There's an element of 'mea culpa' about this book - a certain degree to which Andrew Young wants the forgiveness of those near and dear to him, and the world at large, for his part in the John Edwards/Rielle Hunter debacle. Yet Young does not come out of this book looking good - he looks power-hungry, self-absorded, and gullible - and for that I give him some props. I'm sure he crafted his narrative to give him the maximum amount of cover, but there's just no good way to explain away how you pub ...more
Teechbiz
Forget the $400 hair cuts. John and Elizabeth possessed hubris and a great sense of entitlement.

Yes John there definitely were two Americas. One in which people have 1,000 square foot tree houses for their kids and fly private jets while the other has those "rednecks" and "little people" you didn't like mixing with.

Your mistress was right, "It's good to be king."
Meighan O
Fascinating, surprisingly well-written, frightening account. Recommend to any political junkie.
Candace
I've never been a fan of tell-all books. In this case, there are a few reasons why I chose to read Andrew Young's account of his work with and for John and Elizatbeth Edwards. First of all, I backed John Edwards early on, and I was curious to understand more about just what happened there. Second, I was impressed that Young was upfront about the fact that he wrote the book for the money. As my sister commented, after listening to Oprah's interview with Young, "Maybe you ought to buy the book jus ...more
Kathleen
This review has been hidden because it contains spoilers. To view it, click here.
Lori Kelley
A sad, tawdry and alarming tale of how close the corrupt and narcissistic John Edwards came to being in the highest seat of power. I never liked him, nor did I condone his running for president when his wife was terminally ill and this book simply validates everything I felt was "off" about him. There are no good guys (or gals) in this book, only selfish, misguided, power hungry and downright greedy individuals. Andrew Young does a credible job of portraying the events in an entirely authentic, ...more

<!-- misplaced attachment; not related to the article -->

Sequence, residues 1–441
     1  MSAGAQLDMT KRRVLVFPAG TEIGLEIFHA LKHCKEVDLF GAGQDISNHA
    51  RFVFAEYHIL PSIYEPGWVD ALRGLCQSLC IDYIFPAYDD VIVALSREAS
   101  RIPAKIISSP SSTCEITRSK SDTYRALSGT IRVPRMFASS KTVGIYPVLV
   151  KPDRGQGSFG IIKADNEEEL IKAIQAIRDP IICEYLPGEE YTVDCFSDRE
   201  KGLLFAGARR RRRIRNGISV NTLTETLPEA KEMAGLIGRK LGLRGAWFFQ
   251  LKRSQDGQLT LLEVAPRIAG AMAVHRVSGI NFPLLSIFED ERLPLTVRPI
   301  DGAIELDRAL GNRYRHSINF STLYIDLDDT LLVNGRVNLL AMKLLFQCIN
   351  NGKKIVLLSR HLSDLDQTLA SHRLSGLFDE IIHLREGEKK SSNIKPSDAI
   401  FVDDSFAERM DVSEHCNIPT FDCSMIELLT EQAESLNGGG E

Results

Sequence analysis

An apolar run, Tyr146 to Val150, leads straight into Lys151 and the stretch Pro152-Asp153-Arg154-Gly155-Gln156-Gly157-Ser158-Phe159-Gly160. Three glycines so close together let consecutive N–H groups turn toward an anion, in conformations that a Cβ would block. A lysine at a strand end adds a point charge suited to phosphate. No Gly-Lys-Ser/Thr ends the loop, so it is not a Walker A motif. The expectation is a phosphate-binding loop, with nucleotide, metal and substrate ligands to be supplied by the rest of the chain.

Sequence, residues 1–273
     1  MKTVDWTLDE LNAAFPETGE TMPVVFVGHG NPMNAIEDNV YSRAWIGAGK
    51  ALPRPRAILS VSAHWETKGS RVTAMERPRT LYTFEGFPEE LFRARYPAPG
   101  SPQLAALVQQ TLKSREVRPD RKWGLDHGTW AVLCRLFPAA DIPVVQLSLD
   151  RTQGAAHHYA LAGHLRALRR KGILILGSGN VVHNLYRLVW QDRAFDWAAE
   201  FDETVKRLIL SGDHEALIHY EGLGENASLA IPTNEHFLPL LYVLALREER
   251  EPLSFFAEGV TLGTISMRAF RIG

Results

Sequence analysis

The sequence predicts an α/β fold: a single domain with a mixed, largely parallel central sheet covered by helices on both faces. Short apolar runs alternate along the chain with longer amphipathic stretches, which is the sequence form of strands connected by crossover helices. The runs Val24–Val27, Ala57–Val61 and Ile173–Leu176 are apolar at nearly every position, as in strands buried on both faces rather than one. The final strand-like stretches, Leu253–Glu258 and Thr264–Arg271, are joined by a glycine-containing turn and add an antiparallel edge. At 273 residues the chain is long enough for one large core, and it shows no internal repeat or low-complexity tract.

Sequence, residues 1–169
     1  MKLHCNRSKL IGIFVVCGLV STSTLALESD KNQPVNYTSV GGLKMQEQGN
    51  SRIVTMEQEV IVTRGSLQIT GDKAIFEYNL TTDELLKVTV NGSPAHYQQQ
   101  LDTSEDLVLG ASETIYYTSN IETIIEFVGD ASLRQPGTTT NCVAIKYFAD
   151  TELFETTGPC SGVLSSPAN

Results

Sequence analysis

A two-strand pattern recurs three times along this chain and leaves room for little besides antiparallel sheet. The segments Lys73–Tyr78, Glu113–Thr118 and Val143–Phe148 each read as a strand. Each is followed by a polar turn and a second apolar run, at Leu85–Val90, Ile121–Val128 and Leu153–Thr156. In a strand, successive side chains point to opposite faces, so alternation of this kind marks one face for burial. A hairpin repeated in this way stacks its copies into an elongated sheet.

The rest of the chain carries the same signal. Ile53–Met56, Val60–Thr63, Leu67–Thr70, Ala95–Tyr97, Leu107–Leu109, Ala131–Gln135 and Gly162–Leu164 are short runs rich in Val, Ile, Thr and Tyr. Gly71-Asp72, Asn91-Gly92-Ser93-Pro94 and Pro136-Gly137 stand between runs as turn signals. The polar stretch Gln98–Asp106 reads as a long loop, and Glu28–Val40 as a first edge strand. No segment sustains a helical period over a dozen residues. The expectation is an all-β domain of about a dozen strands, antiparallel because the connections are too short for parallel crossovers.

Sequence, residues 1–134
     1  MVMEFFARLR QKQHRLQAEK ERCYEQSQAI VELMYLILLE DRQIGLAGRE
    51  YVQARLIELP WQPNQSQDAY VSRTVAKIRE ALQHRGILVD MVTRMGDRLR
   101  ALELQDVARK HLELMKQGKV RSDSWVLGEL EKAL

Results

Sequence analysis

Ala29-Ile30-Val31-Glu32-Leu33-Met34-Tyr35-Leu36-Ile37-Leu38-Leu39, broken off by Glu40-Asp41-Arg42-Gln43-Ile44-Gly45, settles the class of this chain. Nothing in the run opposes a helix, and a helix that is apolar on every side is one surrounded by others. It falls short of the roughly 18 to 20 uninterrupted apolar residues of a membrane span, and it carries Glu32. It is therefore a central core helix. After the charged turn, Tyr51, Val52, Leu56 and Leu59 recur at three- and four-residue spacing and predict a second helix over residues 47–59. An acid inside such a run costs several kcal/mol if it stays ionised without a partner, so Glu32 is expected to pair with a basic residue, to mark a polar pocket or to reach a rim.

Kirsti
"I know I'm the people's senator, but do I have to hang out with 'em?" --presidential candidate John Edwards, bitching about attending state fairs

Andrew Young seems like a decent, kind, hardworking person . . . who once threatened to send media outlets a videotape of his boss having sex with a former colleague. Also, he depicts Elizabeth Edwards as vicious, paranoid, and mentally unstable . . . which she may well have been. Young claims to have copies of the e-mails and voicemails he quotes from
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John Kennedy
While admittedly a kiss-and-tell self-centered book, this is an important story of the deception of a man who could have become president last year. It's a well-documented and written confessional by Young, who notes that he had to write a book to make money--his life and career have been ruined by John Edwards. There has been some history-making fallout since it's publication last month: Edwards finally admitted fathering the child of Rielle Hunter after two years and his wife Elizabeth has fil ...more
Amy
I have to admit that I read this book because I have been casually following the John Edwards' trial and the book was mentioned in one news story (and it only cost me $4.00 to download to my kindle). I thought that the book was a very interesting read and the author blatantly says that he wrote the book so that he could make money now that he is no longer employable (because of John Edwards). There were a few things about the story that bothered me, however: at one point the author relates the s ...more
Joanna
This is a juicy behind the scenes account of the John Edwards scandal as recounted by "I Am/Not the Baby Daddy" Andrew Young. It's a gripping read, and it delivers a lot of dirt on John, Elizabeth, and Rielle.

It's fascinating to read as Andrew Young's side of the story unfolds, but also more than a little disconcerting. It's like the memoir of someone still suffering from vestigial Stockholm syndrome, as Andrew Young never once makes a compelling case for why the ends--in this case an Edwards pr
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Jennifer
There are so many things I want to say about this book, but I don't even know where to begin.

First of all, Andrew Young was an idiot, but I think he recognizes that fact. He let his loyaly to John and Elizabeth Edawards rule his decision making, culminating in the most "You have GOT to be kidding me!!" decision of them all- letting himself take the fall for Edwards affair and child with Rielle Hunter. I don't begrudge him writing this book; as he said himself, his reputation is destroyed (partl
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Deborah Hart